Attached Files



#36 Scanning4Comets

Scanning4Comets

    Markus

  • *****
  • Posts: 13901
  • Joined: 26 Dec 2004
  • Loc: Canada

Posted 22 December 2012 - 11:26 PM

If we get some clear skies here, I can try to bag this comet!

#37 CosmoSat

CosmoSat

    Apollo

  • -----
  • Posts: 1273
  • Joined: 24 Jul 2009
  • Loc: India

Posted 23 December 2012 - 12:18 AM

Observed it again tonight through better skies and when it was higher up near the meridian, definitely looks different than how it was last week...the denser brighter elongation appears less condensed now, more spread out really..and could see the tail flared downwards(as it appeared in the eyepiece). Not as bright as M81 nearby tho larger in size but much brighter than M51.

Clear Skies!

#38 tboss70

tboss70

    Mercury-Atlas

  • *****
  • Posts: 2619
  • Joined: 25 Nov 2005
  • Loc: Missouri

Posted 23 December 2012 - 02:08 AM

My quick, single, 3 minute photo at 100%.

Attached Files



#39 dan777

dan777

    Viking 1

  • *****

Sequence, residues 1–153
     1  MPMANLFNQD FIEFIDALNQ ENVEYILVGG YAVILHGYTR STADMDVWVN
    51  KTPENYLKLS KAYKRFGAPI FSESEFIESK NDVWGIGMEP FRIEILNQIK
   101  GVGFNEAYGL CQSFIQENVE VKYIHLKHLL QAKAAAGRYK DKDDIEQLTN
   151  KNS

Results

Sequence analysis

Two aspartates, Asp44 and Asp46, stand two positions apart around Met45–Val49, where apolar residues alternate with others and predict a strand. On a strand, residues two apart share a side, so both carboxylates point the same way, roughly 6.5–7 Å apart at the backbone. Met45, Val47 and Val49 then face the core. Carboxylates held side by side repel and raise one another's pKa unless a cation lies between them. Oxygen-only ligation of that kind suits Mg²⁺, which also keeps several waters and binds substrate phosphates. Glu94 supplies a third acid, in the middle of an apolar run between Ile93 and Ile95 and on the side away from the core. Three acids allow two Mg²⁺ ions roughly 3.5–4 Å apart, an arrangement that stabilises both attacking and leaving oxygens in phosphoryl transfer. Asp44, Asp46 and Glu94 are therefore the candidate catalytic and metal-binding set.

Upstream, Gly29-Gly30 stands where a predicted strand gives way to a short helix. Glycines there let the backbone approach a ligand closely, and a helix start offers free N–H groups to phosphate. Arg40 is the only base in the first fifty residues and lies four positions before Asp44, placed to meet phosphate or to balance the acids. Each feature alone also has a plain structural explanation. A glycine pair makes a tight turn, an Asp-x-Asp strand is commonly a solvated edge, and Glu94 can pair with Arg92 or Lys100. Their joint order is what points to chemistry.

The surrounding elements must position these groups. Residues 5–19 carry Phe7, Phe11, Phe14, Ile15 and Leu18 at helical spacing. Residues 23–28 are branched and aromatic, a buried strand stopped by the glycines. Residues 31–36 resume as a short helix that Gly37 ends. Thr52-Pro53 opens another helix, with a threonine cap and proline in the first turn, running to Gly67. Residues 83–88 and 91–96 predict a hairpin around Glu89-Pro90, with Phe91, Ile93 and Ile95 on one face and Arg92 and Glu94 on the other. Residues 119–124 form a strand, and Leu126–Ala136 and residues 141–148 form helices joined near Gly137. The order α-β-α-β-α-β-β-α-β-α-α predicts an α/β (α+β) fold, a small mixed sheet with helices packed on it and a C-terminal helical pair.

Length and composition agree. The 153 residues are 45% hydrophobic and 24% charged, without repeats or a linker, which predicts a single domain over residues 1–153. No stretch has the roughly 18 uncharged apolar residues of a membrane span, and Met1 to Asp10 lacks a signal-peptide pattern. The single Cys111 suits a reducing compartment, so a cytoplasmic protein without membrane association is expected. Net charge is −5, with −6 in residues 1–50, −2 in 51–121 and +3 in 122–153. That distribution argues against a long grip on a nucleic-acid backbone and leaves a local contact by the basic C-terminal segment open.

• Posts: 802
  • Joined: 16 Nov 2007
  • Loc: Indiana

Posted 23 December 2012 - 10:12 AM

Well, I finally got a chance to see it this morning. Transparency and seeing were mediocre but I could see the big dipper so I went for it. It was easy to spot and I could see a faint tail. It was only 50 arcminutes from Dubhe. 85x was best.

#40 Ira

Ira

    Mercury-Atlas

  • *****
  • Posts: 2655
  • Joined: 22 Aug 2010
  • Loc: Mitzpe Ramon, Israel

Posted 23 December 2012 - 10:36 AM

Any links to daily coordinates?

/Ira

#41 dan777

dan777

    Viking 1

  • *****
  • Posts: 802
  • Joined: 16 Nov 2007
  • Loc: Indiana

Posted 23 December 2012 - 10:59 AM

Any links to daily coordinates?


http://ssd.jpl.nasa....ons.cgi#results
Search Target Body for C/2012 K5 then click on Generate Ephemeris

#42 tboss70

tboss70

    Mercury-Atlas

  • *****
  • Posts: 2619
  • Joined: 25 Nov 2005
  • Loc: Missouri

Posted 23 December 2012 - 11:54 AM

On my picture above, Im not sure if 3 minutes was too long or if the core just wasn't visible? Maybe my focus was off a little too?

#43 Centaur

Centaur

    member

  • *****
  • Posts: 2602
  • Joined: 12 Jul 2004
  • Loc: Chicago

Posted 23 December 2012 - 12:48 PM

Any links to daily coordinates?

/Ira


Yes, Ira, on my comets webpage: www.CurtRenz.com/comets